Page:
Introduction

One of the most important achievements of clinical epidemiology is the development of risk-prediction models. The European Society of Cardiology (ESC) recommends the use of risk-prediction models to improve healthcare and prevention across the population [1]. The main goal of the models is to identify people at increased risk of cardiovascular diseases (CVD), who might receive the greatest benefit from a preventive intervention [2]. The basis for the development of all future prognostic models was formed in the Framingham Heart Study [3].

The main issue that accompanies any risk assessment model is the accuracy of its predictions. The Framingham model of cardiovascular risk assessment was proved to be quite good in certain conditions and populations [4], but not accurate enough in other populations [5], especially European ones. That formed the basis for the creation of the European Risk Assessment Model SCORE [6]. SCORE provides a direct evaluation of 10-year fatal cardiovascular risk in a format suited to the constraints of clinical practice [6]. In particular, SCORE has been introduced and actively used in Russia for 20 years. It turned out to be very useful in practice since it provided an intuitive way to direct a patient’s treatment strategy [7].

In turn, SCORE has two weaknesses. The first one is that SCORE predicts the risk of fatal cardiovascular (CV) events only. The second one is that SCORE was developed from cohorts recruited before 1986. Both of these aspects were resolved in a new model for predicting cardiovascular risks–SCORE2.

SCORE2 (Systematic COronary Risk Evaluation 2) is a risk assessment scale for cardiovascular events, presented in 2021 by the European Society of Cardiology [2]. SCORE2 evaluates the risk of a CV event over a 10-year period for people aged 40–69 years without a history of cardiovascular disease (CVD), chronic kidney disease, diabetes mellitus (DM), or familial hypercholesterolemia. Gender, age, smoking status, systolic pressure, total cholesterol, and HDL cholesterol are the risk factors in the SCORE2 model [2]. SCORE2 also provides the interpretation of risk estimates in terms of 10-year CVD risk groups: low-to-moderate, high, very high.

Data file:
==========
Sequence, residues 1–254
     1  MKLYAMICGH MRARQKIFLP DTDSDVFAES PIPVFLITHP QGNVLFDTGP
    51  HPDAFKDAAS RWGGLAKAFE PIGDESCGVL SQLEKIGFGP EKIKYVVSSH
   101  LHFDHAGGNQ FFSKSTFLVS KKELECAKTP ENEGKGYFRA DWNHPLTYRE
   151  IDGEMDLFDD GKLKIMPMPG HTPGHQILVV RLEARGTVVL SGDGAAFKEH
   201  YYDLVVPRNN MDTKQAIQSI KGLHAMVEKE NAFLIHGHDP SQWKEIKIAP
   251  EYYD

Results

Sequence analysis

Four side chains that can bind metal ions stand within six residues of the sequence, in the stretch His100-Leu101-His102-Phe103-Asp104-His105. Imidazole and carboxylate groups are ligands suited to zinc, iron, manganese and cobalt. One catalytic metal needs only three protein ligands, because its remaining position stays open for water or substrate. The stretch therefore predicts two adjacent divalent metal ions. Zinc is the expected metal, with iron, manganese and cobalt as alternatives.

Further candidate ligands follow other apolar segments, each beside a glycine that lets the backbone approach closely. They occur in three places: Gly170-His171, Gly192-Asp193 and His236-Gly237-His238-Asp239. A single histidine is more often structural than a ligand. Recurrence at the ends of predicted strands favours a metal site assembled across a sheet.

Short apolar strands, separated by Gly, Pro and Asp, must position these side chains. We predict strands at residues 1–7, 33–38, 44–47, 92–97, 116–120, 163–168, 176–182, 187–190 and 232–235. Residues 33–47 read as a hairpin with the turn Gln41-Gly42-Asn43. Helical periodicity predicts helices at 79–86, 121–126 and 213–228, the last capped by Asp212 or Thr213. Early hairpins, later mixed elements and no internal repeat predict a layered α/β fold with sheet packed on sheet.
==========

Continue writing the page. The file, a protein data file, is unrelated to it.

SCORE2 has a potential limitation for countries of the very high CVD risk region: for model training representative cohorts from this region were not used. Moreover, for validation within the very high CVD risk region, cohorts from only two cities (Kaunas, Lithuania and Novosibirsk, Russia from the HAPIEE Study) were used. These two cohorts could be hardly considered representative of the entire very high CVD risk region, thus we concluded that SCORE2 was not sufficiently validated for use in the very high CVD risk region [8].

One more questionable aspect to be mentioned is that according to the simplified SCORE2 estimation chart presented in the original article on SCORE2, no men from the very high CVD risk region would be considered at “low-to-moderate 10-year CVD risk” at all [2]. In other words, according to the SCORE2 estimation chart all men from countries of the very high CVD risk region would need to consider some treatment of CVD risk factors. Such strategy is hardly sensible and, if applied, would paralyze the healthcare systems of those countries.

The aim of our study was to evaluate the accuracy of SCORE2 risk estimates for the Russian population and develop an adapted interpretation of SCORE2 risk estimates for clinical practice in Russia and other countries of very high risk region.

Materials and methods

Materials